The home’s landscaping is simple, capitalizing on its woodland setting. Trees were preserved as much as possible, including the birches on the north side of the home and a patch of mountain laurel. Shade-friendly perennials include hydrangea, hostas and lilies; a bright patch of ferns helps bring the forest’s edge to the east side of the home.

Weaving in and out

Inside, a twenty-four-foot, two-story internal hall of concrete panels and exposed plywood separates the home’s primary living quarters from a studio, workshop and garage, spaces where Ed kept tools as well as outdoor gear.

Scaled tin panels on the home’s exterior are accented by natural wood and concrete walls. The outside deck, which wraps around the side and back of the home,
is easily accessed from downstairs rooms.

Paved with slate, the breezeway is another element that brings the outside in: the space runs from outside the home directly through the house. “Ed and I used to joke that we should put snow all along the slate walkway so we could just ski all the way through the house,” Cynthia says.

Off the hall are a linen closet and laundry room. High ceilings and windows provide light as well as cross-ventilation and ever-present outside views. A staircase along one wall leads to an upstairs loft space, connected via a glass walkway. Each stair, constructed of butcher block, is secured to the wall and reinforced with steel, creating a floating affect that’s also sculptural.

The living room, dining room and kitchen share a dramatic, high-ceiling space, anchored by a twenty-five-foot-high hearth wall constructed of slate and steel. Complementing the home’s passive heating and radiant in-floor hydronic system, the hearth frames a wood stove and wood storage on one side, and houses an interior barbecue and shelving accessed via the kitchen. A long, vertical opening in the hearth acts as a seasonal clock, designed by Dunbar and Zoee to take advantage of the home’s orientation to the sun. “On December 21, the winter solstice, the sun shines through the window to the back of the house and casts a floating rectangle of light on the snow,” Dunbar says. “The effect really ties the house to the landscape.”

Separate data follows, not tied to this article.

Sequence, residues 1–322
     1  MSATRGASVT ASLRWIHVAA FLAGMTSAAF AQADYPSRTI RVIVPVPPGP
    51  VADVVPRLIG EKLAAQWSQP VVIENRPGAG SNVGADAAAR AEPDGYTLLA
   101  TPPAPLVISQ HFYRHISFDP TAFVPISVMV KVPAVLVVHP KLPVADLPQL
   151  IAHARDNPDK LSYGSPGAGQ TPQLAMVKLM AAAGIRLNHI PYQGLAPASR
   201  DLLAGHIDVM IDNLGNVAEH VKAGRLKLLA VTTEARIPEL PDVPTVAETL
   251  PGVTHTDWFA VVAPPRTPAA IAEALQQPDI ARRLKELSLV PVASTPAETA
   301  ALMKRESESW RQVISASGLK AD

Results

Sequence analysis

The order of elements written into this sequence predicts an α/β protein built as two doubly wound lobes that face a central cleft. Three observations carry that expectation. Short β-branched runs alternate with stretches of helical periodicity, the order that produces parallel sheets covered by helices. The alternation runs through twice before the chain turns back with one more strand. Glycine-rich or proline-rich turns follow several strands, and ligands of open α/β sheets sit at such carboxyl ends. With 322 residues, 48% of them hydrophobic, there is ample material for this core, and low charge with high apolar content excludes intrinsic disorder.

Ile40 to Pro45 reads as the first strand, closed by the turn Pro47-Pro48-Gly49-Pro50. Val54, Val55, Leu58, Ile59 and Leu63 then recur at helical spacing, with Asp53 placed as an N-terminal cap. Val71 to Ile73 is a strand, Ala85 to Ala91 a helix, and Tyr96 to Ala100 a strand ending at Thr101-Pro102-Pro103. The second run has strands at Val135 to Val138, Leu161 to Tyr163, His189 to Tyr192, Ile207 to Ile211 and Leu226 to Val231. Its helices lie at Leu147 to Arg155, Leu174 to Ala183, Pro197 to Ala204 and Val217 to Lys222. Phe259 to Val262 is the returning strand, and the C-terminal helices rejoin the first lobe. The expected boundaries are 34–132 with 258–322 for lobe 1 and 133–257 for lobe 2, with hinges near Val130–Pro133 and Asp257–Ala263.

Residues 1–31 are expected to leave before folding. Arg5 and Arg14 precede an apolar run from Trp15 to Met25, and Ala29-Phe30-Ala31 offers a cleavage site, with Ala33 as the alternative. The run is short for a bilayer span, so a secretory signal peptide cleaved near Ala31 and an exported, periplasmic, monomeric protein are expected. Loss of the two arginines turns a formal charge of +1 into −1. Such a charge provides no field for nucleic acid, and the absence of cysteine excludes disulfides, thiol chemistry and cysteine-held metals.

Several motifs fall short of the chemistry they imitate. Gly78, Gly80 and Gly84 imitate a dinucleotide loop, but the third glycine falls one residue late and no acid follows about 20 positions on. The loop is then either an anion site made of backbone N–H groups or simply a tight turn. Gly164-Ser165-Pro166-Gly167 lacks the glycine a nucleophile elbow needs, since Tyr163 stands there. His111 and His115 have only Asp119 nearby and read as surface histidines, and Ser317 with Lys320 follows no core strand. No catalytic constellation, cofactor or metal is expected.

Cynthia’s favorite room, the kitchen, is separated from the main hall by three giant pine trees, stripped of bark, split down the middle and welded to steel frames along the floor and ceiling. It’s a dramatic effect that helps ground the space. Efficient and sunny, the kitchen—with its open shelving and an island that does dual-duty as a wine rack—was often a gathering place during parties. A maple dining room set, designed by Dunbar, echoes the shape of the home’s vertical windows.

Windows dominate the north side of the living room, where Cynthia and Ed often entertained friends and family. Interior lights are mounted on walls, eliminating the need for additional lamps or electrical outlets, and making it easier to move furniture. “I had a favorite place to sit in the living room, looking toward the opposite wall, which is all glass,” Cynthia says. “You can see the big trees, eighty feet tall from top to bottom. It is always amazing and inspiring.”

Other rooms are minimalistic, designed with convenience in mind. Both the master bedroom suite, located on the first floor, and the upstairs loft have built-in beds as well as benches integrated into railings for seating. Walk-in closets between the master bedroom and bath minimize closet space. Because the home is far from a main road or other residences, Cynthia and Ed eschewed window treatments, so the woodland views are ever-present in the sleeping spaces, even the master bath.

Although Cynthia moved out of the mountain house last year, its current owner, Brian Otis, is equally enthralled with its construction. Like the Astrachans, Otis is an outdoor enthusiast who enjoys the home’s relationship with the woods, and appreciates its design and craftsmanship. “The house is well thought out,” he says. “It’s interesting, warm and a great place to live.”